My daughter and her roommates recently visited us for a week. I showed them my two favorite bookstores in town. We spent a day at the pool. They got to see downtown. I cooked for them. We hung out and played board games. They went on a mining expedition and found some amazing specimens of quartz. We all watched the eclipse together. It was a lovely visit. Beyond all that, they managed to almost complete a 2000 piece puzzle that my husband and I gave up on weeks ago.
The puzzle is a picture of Neuschwanstein Castle in Germany and it takes up my entire kitchen table. I thought it would be a fun project for my husband and I. It wasn’t. One day, after weeks of getting nowhere, I threatened to put it all back in the box. My husband begged me not to, but while he was at work I took everything apart and packed it away. I thought he’d be annoyed, but after taking hours to even realize it was gone, he seemed pretty relieved.
Thank God, you got rid of it! I hated that thing!
My daughter and her friends have completed many of our puzzles on their trips back home from college, but this one they had to start right out of the box. They got far, but were unable to put together all 2000 pieces in just 7 days. When they left they made me promise that I wouldn’t give up. I made a solemn vow to complete it. They’ve been gone for a week and in that time I’ve managed to find the right spot for three whole pieces.
It dawned on me, while taking the Lord’s name in vain several times and daydreaming about how fun it would be to throw all the pieces into the creek behind my apartment, that putting together a puzzle has a lot in common with being sick. There’s the nausea, the utter despair, and the need for powerful drugs. There are other things, though, life lessons and character builders. Putting together a puzzle and being sick are not for the faint of heart.
1.) Reality Eventually Sets In
After my diagnosis of a desmoid tumor I dug my heels in, raised my fists, and proudly proclaimed, “I GOT THIS!” Same thing with the puzzle. 2000 pieces? Big whoop. We can do this. Then the gravity of it all seeps in slowly until the stark realization that every single one of the hundreds of tree pieces looks exactly the same and you can’t figure out which blue pieces are the sky and which ones are the lake. Much like when I completed physical therapy and still sometimes needed to use my cane or when I found out my tumor had recurred. Ah, this is going to be a lot harder and take a lot longer than I thought.
2.) There Are No Shortcuts In Puzzles or Tumors
I will freely admit that I have, more times than I can count, tried to shove a puzzle piece into a space where it didn’t belong. Fit, you fucker! No matter how much I want it to work, if it isn’t the time and it isn’t the place, it isn’t going to happen. After my surgery I wanted nothing more than to walk on my own again, but I couldn’t begin physical therapy until the drain was removed from my leg. I pleaded with my doctor to take it out just a few days after my surgery. He explained to me that doing so would only impede my progress. My leg would balloon with swelling and fluid. I sobbed. That drain stayed, sewn into my leg, for another three weeks, but that was what my body needed. All the pieces have a place, but they build upon each other. One can’t be set until its mate has been set before it. Skip a step and there’s nowhere for your other pieces to land.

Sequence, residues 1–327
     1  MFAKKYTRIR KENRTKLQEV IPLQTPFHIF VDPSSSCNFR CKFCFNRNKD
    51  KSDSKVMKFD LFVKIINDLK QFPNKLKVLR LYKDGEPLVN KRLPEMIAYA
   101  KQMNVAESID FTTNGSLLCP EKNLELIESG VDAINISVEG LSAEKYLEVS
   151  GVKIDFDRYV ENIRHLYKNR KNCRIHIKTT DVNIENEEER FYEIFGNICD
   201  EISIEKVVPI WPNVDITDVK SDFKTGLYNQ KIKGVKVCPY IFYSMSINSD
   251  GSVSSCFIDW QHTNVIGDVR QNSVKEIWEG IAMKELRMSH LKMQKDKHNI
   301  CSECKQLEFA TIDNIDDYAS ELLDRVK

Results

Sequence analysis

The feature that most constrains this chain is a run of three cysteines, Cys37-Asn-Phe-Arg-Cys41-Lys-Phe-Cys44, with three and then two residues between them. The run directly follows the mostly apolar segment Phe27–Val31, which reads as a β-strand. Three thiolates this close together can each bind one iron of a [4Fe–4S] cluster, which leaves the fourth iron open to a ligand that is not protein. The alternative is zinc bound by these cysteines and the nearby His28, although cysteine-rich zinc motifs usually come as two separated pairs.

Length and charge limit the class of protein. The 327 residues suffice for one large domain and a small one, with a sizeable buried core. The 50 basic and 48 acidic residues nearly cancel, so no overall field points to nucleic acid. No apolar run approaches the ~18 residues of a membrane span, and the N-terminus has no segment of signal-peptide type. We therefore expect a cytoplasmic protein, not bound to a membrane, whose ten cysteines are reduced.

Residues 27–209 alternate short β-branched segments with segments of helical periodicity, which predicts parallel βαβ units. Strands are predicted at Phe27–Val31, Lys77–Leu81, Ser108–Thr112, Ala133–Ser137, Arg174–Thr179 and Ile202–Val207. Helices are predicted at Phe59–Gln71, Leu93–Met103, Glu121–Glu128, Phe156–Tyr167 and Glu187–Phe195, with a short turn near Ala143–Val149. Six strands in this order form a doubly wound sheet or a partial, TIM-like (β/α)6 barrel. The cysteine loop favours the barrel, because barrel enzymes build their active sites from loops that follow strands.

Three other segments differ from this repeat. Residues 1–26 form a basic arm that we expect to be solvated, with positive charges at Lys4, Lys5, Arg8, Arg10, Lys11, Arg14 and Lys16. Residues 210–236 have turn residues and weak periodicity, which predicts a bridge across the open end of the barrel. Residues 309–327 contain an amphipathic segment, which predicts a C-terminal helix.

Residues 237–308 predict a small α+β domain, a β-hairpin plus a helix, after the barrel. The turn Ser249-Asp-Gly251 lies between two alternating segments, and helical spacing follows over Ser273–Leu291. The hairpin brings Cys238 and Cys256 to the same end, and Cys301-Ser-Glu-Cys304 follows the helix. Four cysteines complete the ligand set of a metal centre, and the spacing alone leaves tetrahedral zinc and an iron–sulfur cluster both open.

3.) You’re Definitely Going To Want To Punch Somebody
Whether you’re stuck in the house putting together a puzzle or recuperating from surgery or dealing with side effects from oral chemo, you’re going to get a little angry from time to time. It sucks. It’s frustrating. But you’ve got to own those feelings. I have had the exact same thoughts looking out the window at the big, wide world during all these experiences and a lot of those thoughts have not been happy and shiny. Look at those people out there enjoying life like the assholes that they are. All able bodied and not trying to cram tiny paper cutouts together. Carefree motherfuckers. Out soaking up the sun. I bet they all have adequate amounts of Vitamin D. Fuck them. I hope they choke on their fresh air. A pox on all your houses!
4.) You’re Gonna Need Help From Time To Time
I can’t tell you how often I’ve spent way too much time on finding that one particular piece for that one particular spot only to have my husband or son walk up and immediately find it and add it to the puzzle. And, I’ve tripped and fallen enough since my surgery to know now to ask for someone’s hand when the terrain is uneven or if my leg feels weak. Sometimes you need a fresh set of eyes to see the problem from a new angle. And, sometimes you need an extra set of hands to keep you steady. None of us can do it all on our own all the time.
5.) Sometimes Things Just Don’t Go As Planned
The plan for my tumor was to have a surgery, pop that sucker out, and get on with life like nothing ever happened. It was going to be just that easy. Almost five years later, I still limp when my leg is tired, I’m deep in debt, my joints ache, and I worry constantly I’ll have another recurrence. The plan for this puzzle was to sit with my husband every evening while he regaled me with stories of his trip to this very castle, feel enlivened by the challenge, and bask in the glory of success when we completed it. Months later, it’s been boxed up once, taken back out, almost completed, cursed at in at least two different languages, and still not finished even though no less than five people have worked on it. Don’t even get me started on the one puzzle that I spent a month completing only to discover a piece was missing. Even still, even when none of these things turned out like I thought they would, everyone survived and we found some way to laugh at the absurdity of it all. Cause, really, what the hell else are you gonna do?